The South Side of Chicago will be the site of a new presidential library and museum, adding to the Windy City’s already impressive list of monuments, museums and other attractions. Former president Barack Obama has released the preliminary designs for ‘The Center’, ‘an ongoing project where we will shape, together, what it means to be a good citizen in the 21st century’.
The Obama Presidential Center, slated to open in 2021, will be a three-building complex in Chicago’s Jackson Park, a public space that was designed by Frederick Law Olmsted and Calvert Vaux in the 1890s. The museum, a geometric, asymmetrical stone structure by Tod Williams Billie Tsien Architects, will be the Center’s tallest building, at approximately 180 feet.
The museum will house exhibits on the Obama presidency and delve into the early years of the former president and his wife, Michelle Obama, whom he met in law school. According to Obama, it will also highlight the contributions of ‘all the people who led to my presidency — the process of struggle and the process of overcoming that I stand on top of’. But it won’t all be serious policy: there will also be a peek into the closet that Michelle Obama amassed as First Lady. As Obama himself said, ‘Let’s face it. You all want to see Michelle’s dresses’.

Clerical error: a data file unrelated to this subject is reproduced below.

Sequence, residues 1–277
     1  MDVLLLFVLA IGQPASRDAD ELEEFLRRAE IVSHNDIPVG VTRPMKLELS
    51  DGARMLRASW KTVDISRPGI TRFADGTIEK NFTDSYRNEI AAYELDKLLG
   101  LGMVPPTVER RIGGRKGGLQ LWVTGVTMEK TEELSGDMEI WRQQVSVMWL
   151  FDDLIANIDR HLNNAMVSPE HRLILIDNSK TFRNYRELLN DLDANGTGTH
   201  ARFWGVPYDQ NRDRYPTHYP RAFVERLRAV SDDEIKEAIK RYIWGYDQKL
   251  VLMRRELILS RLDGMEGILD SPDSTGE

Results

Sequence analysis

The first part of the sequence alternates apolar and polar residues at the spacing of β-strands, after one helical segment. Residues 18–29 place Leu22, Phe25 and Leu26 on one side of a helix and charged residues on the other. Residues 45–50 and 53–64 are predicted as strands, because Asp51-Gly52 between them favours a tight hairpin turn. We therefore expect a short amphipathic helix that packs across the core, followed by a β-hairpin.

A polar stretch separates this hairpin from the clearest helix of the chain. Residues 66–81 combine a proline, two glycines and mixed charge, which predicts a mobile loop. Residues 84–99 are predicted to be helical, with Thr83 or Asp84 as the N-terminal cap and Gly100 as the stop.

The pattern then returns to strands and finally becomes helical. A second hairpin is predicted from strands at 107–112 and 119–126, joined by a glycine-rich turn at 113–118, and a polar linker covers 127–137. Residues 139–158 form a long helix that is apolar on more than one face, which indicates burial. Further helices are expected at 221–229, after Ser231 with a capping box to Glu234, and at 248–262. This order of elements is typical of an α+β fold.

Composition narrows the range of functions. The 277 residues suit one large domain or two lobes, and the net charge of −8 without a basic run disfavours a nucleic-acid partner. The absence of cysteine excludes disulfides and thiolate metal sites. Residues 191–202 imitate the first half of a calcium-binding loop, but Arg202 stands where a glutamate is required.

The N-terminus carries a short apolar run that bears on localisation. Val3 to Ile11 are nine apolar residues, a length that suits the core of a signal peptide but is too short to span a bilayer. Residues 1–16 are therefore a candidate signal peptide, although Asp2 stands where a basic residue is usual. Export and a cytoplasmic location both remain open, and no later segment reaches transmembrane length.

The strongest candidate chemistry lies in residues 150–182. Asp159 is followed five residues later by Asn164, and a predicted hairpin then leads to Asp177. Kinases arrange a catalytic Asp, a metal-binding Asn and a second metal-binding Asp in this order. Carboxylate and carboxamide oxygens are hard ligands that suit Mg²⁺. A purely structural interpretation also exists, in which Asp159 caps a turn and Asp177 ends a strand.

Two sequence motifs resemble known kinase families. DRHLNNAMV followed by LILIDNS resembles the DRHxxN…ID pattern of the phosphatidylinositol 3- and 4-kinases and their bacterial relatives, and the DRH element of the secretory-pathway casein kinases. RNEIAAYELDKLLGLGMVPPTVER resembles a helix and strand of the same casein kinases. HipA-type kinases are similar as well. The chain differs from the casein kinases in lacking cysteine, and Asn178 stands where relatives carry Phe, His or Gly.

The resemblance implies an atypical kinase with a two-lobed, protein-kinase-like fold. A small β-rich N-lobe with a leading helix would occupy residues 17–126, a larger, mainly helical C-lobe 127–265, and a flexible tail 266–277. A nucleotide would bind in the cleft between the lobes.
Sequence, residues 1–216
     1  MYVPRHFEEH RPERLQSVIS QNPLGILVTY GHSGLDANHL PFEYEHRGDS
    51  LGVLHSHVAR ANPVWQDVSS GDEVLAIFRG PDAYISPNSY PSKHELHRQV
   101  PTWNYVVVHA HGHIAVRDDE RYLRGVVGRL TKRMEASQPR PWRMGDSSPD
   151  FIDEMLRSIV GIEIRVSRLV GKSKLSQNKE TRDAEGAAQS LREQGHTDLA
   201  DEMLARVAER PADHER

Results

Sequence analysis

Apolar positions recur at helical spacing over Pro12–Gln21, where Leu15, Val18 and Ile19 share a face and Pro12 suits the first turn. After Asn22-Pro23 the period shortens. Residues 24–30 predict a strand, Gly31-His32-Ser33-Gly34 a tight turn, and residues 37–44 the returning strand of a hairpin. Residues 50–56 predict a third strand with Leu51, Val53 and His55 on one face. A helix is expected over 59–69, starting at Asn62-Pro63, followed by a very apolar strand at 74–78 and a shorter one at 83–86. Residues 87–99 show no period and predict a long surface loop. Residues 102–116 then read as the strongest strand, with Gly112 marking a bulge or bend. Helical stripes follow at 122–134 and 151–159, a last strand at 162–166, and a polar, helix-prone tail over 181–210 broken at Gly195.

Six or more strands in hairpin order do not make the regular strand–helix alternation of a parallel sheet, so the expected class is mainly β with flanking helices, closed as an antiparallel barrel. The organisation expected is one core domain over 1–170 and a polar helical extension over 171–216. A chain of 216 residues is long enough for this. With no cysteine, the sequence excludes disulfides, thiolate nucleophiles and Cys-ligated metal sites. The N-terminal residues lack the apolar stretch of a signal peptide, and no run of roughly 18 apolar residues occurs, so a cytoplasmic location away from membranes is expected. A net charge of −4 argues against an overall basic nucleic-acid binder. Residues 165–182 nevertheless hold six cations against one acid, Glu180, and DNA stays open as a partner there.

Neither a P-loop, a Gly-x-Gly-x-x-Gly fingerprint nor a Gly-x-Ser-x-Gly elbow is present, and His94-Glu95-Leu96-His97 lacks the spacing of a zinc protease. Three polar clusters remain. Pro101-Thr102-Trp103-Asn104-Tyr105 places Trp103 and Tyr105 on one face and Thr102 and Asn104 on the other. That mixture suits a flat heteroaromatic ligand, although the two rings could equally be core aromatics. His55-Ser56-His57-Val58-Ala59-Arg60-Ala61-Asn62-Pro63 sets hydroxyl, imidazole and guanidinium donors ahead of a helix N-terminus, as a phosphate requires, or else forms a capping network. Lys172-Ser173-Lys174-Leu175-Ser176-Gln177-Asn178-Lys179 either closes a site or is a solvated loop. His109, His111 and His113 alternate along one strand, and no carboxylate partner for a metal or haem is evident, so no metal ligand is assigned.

The other two buildings, the library and a forum to host events and classes, are one story and connected by underground tunnels, to further preserve the park’s curving paths and topography. The roofs of these buildings will be landscaped parks with views of Lake Michigan. Obama hopes the Center will be not only a destination for visitors, but also a resource for locals; when the design was revealed, he spoke of pick-up basketball games, food trucks and family barbecues all finding places on its 200,000-foot campus.
The Obama Presidential Center is the 14th presidential library, and it will be the first to contain only digital records: every non-classified document from the Obama presidency will be scanned and available for review at the library, with the paper documents kept at the National Archives.
Reception of the announcement has been mixed, citing social and environmental concerns. The unique design of the museum has been particularly derided; one website describes it as ‘a discarded Chinese take-out box’. But whatever it looks like, it’s clear that the Center will be a draw for tourists and locals alike.